How Do I Stop Creditor Harassment Prior to Filing My Bankruptcy Case In California?

20 Jul How Do I Stop Creditor Harassment Prior to Filing My Bankruptcy Case In California?


Frequently, debtors are harassed by creditors prior to the filing of their bankruptcy case.  Is there a way to prevent creditor harassment and contact in California?  Can a debtor stop all future communications from the creditor?


If the debt is for consumer purposes (for personal, family, or living expenses), then there are effective ways to end all creditor communications.  Under the Rosenthal Fair Debt Collections Practices Act, all consumer creditors must cease all future communications with a debtor if any of the following takes place:


1) The creditor is notified that the debtor is represented by an attorney with respect to the debt;


2) The creditor is sent a written “cease and desist” letter signed by the debtor instructing the creditor to no longer contact the debtor; or


3) The creditor is sent a written notice that the debtor “refuses to pay” the debt.



If the creditor makes any additional contact with the debtor after the forgoing, then it has broken the law and is subject to statutory penalties of up to $1000 per act, actual damages, attorney fees, and costs.  This law is virtually a strict liability statute so there is really no defense the creditor may assert.  Essentially, if one can prove the creditor had notice of any of the forgoing, and something as simple as a billing statement arrives after notice, then it broke the law and must pay damages,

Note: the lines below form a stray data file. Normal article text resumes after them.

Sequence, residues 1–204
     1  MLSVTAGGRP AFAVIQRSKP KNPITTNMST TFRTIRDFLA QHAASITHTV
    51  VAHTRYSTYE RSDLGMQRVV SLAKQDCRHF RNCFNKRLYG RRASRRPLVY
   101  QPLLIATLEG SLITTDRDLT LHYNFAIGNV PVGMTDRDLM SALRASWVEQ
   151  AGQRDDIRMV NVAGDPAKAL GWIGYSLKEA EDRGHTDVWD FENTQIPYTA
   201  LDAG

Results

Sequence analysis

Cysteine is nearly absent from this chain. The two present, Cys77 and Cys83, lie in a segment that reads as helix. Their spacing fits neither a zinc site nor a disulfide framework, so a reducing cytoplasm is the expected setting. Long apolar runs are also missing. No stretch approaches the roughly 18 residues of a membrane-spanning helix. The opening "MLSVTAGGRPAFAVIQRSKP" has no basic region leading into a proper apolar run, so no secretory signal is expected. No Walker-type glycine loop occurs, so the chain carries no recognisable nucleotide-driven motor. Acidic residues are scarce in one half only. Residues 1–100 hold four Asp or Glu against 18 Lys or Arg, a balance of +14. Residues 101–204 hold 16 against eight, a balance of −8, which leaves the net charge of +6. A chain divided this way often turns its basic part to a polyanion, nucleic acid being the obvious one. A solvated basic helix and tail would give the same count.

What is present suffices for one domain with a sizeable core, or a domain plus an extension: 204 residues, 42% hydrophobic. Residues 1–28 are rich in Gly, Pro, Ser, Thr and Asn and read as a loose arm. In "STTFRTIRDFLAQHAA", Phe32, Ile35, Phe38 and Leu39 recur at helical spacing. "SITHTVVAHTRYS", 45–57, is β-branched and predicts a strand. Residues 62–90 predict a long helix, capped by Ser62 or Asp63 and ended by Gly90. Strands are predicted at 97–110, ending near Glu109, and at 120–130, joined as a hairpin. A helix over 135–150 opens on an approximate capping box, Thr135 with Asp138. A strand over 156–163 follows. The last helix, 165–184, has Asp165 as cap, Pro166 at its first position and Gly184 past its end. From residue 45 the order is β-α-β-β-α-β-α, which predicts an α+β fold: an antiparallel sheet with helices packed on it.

Moreover, if the creditor is also advised that the debt is “disputed,” the creditor must report that fact to any credit bureaus it reports to, otherwise it’s a separate violation, and again subject to statutory penalties, actual damages, attorney fees, and costs.  Its not uncommon for creditors to continue to report the debt not as disputed and break the law monthly after such notice.


So if you are contemplating Bankruptcy, and your creditors are harassing you for payment, simply put a quick end to it by retaining competent legal counsel.  Chances are, most creditors will immediately obey the laws and end the communications, and the few that do not, will end up paying you damages, which will very likely pay for the entire bankruptcy filing process!


Written by Michael G. Doan 


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